McIntosh’s MHA200 headphone amplifier is a cute little thing. Its footprint is broadly that of a decently sized paperback, yet it still manages to pack in all the charm and presence we’ve come to expect from a McIntosh product.
Note that this is a mains-powered analogue headphone amplifier. You won’t find any fancy DAC technology or, heaven forbid, anything that resembles wireless streaming. And that’s fine with us, because the MHA200 remains a carefully considered product for those who want to make the most of their domestic wired headphones.
There are valves at the heart of this unit – four in total – made up of a pair of 12AT7s in the driver stage and 12BH7As in the power stage. These run warm and are usually protected from prying fingers by a removable cage. Next to the valves is a trio of transformers: one for the mains and two that couple the amplifier’s output valves to the connected headphones. As with most valve products, a certain amount of care has to be taken over matching. Here, that takes the form of a front panel control that switches between four load options: 32, 100, 250 and 600 ohms. Simply switch to the one that’s closest to the nominal impedance of your chosen headphones for the best results. There’s no harm in trying an alternative setting, and it can be fun to try, but we would be surprised if doing so leads to a better sound.
The MHA200 has two inputs – balanced XLR and single-ended RCA – but the amplifier isn’t designed for both to be used at the same time, as there’s no provision for input switching. The source doesn’t have to come with a built-in volume control either, as this McIntosh already has one. There’s a crisp indent to the volume control’s movement at the 12 o’clock position – the recommended place to leave it if you’re running a source that does have volume control.
There are three ways to connect your headphones: a standard 6.3mm option, a single four-pin balanced XLR, and two three-pin XLRs for a balanced connection with separate left and right signal paths. It’s not optimal to connect two headphones at once. That noted, we use a range of headphones from the Focal Stellias and Beyerdynamic T1 Generation 2 to a pair of classic Grado RS1 without issue.
Type Valve-powered headphone amplifier
Valves 2x 12AT7 (driver stage), 2x 12BH7A (power stage)
Power output 500mW (into 32, 100, 250 and 600ohm loads)
Inputs Single-ended RCA, balanced XLR
Outputs 6.3mm, 4-pin balanced XLR, individual 3-pin XLR for left and right channel
Size (hwd) 146 x 156 x 232mm
Of course, any amplifier at this level needs a high quality source to shine. Don’t be tempted to take shortcuts, otherwise we’re not sure you’ll find out just how talented the McIntosh MHA200 is. We use a combination of our MacBook feeding the Chord Hugo TT2 for some of our testing and then swap to Naim’s range-topping ND555/555 PS DR music streamer for the rest. The MHA200 feels solid and built to last. There’s a degree of valve management here to ensure that they aren’t unnecessarily stressed during use, so the sound is muted on initial start-up for a few seconds (while the valves glow green) until things have stabilised.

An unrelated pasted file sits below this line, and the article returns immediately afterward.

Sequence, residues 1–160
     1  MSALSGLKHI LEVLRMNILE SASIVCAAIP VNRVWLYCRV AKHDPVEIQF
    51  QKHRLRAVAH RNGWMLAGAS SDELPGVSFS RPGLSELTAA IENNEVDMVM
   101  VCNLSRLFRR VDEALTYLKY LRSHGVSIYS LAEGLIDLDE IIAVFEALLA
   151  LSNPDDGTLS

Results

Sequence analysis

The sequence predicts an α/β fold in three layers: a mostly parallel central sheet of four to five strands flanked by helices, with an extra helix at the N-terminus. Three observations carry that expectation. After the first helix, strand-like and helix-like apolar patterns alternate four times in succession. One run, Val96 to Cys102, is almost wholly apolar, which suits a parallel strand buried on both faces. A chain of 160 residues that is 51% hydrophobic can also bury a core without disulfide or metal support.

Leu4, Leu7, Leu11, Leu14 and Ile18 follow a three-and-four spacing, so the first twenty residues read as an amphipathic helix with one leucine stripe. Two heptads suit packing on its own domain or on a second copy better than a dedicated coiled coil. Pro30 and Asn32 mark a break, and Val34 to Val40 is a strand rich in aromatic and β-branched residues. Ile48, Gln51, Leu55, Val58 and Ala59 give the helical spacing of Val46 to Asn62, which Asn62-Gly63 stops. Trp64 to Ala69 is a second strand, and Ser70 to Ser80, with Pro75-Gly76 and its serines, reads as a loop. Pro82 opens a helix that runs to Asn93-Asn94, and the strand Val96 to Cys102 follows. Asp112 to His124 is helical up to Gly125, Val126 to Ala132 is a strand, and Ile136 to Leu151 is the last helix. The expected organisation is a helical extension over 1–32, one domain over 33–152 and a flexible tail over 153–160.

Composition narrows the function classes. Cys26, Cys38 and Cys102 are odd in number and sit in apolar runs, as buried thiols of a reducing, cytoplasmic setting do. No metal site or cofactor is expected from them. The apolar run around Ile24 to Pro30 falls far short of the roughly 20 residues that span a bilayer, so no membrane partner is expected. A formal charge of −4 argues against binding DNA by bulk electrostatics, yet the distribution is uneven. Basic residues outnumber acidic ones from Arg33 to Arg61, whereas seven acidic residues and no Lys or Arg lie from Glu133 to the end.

Connectivity is straightforward, leaving only the lack of linearity in the volume control’s behaviour to criticise. Nothing much happens until we get close to the 12 o’clock position of the indent and then levels increase disproportionately, making it hard to make subtle changes in level after that. Surely it can’t be beyond McIntosh to make a volume control that works more intuitively?
Get past that minor annoyance and there’s so much to like here. The broad strokes are that this headphone amplifier shares obvious sonic DNA with McIntosh’s best full-size efforts. Regardless of the headphones we use, this little box turns in a lovely, lush sounding performance that’s hard to dislike. It sounds smooth but far from lifeless, delivering high levels of detail in a cohesive and musical manner.
We listen to Beethoven’s Moonlight Sonata and the MHA200 renders the piano with an impressive degree of solidity and authority. The instrument’s harmonically rich sound comes through with textures and dynamic expression intact. We love the way this amplifier communicates the quiet space between notes and the way it ties those notes together with such musical conviction.
Tonally, it’s on the full-bodied and slightly rich side of neutral, but this isn’t taken so far as to distract. On the contrary, the MHA200 comes across as sounding determinedly three-dimensional and solid compared to most alternatives we’ve heard. We switch to music that requires more kick in the form of Drake’s Underground Kings, and this McIntosh takes it in its stride, producing a punchy and powerful sound that gets straight to the heart of the music. There’s an impressive degree of resolution here that allows us to track low-level instrumental strands with ease and the composure to keep things under control even when the music gets demanding. Drake’s distinctive drawl comes through with clarity and natural warmth.
It has to be said that this amplifier underplays rhythmic drive a little, but the performance still hangs together well enough to remain enjoyable. There’s a good dose of drama and punch on offer to keep things interesting.
This is a product that invites long listening sessions. Its insight coupled to class-leading refinement, not to mention a total lack of unwanted hardness, make for something that can be enjoyed for years to come. If you’re looking for a top-class headphone amplifier, there are few we’ve heard at this price that are as capable or as charming as this one.
- Sound 5
- Build 5
- Features 5
Also consider the Chord Hugo 2